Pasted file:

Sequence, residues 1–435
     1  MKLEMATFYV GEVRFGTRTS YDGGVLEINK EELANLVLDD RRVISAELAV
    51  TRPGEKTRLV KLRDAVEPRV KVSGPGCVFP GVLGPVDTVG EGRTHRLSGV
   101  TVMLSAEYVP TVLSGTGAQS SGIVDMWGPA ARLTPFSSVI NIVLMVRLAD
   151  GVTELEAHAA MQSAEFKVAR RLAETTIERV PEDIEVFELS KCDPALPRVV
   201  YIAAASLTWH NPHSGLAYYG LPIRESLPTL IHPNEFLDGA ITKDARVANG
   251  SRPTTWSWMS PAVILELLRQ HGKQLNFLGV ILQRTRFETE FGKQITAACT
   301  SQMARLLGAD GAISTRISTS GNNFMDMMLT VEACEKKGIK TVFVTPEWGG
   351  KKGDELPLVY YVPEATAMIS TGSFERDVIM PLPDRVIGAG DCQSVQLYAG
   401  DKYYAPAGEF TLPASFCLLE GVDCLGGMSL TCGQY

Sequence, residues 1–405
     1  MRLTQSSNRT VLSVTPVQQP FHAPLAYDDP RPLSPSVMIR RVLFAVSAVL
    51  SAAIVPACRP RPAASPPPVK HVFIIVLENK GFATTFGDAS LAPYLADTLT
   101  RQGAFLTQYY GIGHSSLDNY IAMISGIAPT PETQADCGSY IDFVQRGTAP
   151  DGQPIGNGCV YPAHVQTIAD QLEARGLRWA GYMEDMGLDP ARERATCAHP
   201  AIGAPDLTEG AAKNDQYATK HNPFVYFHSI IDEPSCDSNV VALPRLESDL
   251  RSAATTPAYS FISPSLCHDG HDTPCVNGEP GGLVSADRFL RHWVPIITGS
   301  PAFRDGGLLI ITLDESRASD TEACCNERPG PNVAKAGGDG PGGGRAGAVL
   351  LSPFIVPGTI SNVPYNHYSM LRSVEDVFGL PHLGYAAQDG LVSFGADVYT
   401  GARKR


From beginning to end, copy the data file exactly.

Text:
Sequence, residues 1–435
     1  MKLEMATFYV GEVRFGTRTS YDGGVLEINK EELANLVLDD RRVISAELAV
    51  TRPGEKTRLV KLRDAVEPRV KVSGPGCVFP GVLGPVDTVG EGRTHRLSGV
   101  TVMLSAEYVP TVLSGTGAQS SGIVDMWGPA ARLTPFSSVI NIVLMVRLAD
   151  GVTELEAHAA MQSAEFKVAR RLAETTIERV PEDIEVFELS KCDPALPRVV
   201  YIAAASLTWH NPHSGLAYYG LPIRESLPTL IHPNEFLDGA ITKDARVANG
   251  SRPTTWSWMS PAVILELLRQ HGKQLNFLGV ILQRTRFETE FGKQITAACT
   301  SQMARLLGAD GAISTRISTS GNNFMDMMLT VEACEKKGIK TVFVTPEWGG
   351  KKGDELPLVY YVPEATAMIS TGSFERDVIM PLPDRVIGAG DCQSVQLYAG
   401  DKYYAPAGEF TLPASFCLLE GVDCLGGMSL TCGQY

Sequence, residues 1–405
     1  MRLTQSSNRT VLSVTPVQQP FHAPLAYDDP RPLSPSVMIR RVLFAVSAVL
    51  SAAIVPACRP RPAASPPPVK HVFIIVLENK GFATTFGDAS LAPYLADTLT
   101  RQGAFLTQYY GIGHSSLDNY IAMISGIAPT PETQADCGSY IDFVQRGTAP
   151  DGQPIGNGCV YPAHVQTIAD QLEARGLRWA GYMEDMGLDP ARERATCAHP
   201  AIGAPDLTEG AAKNDQYATK HNPFVYFHSI IDEPSCDSNV VALPRLESDL
   251  RSAATTPAYS FISPSLCHDG HDTPCVNGEP GGLVSADRFL RHWVPIITGS
   301  PAFRDGGLLI ITLDESRASD TEACCNERPG PNVAKAGGDG PGGGRAGAVL
   351  LSPFIVPGTI SNVPYNHYSM LRSVEDVFGL PHLGYAAQDG LVSFGADVYT
   401  GARKR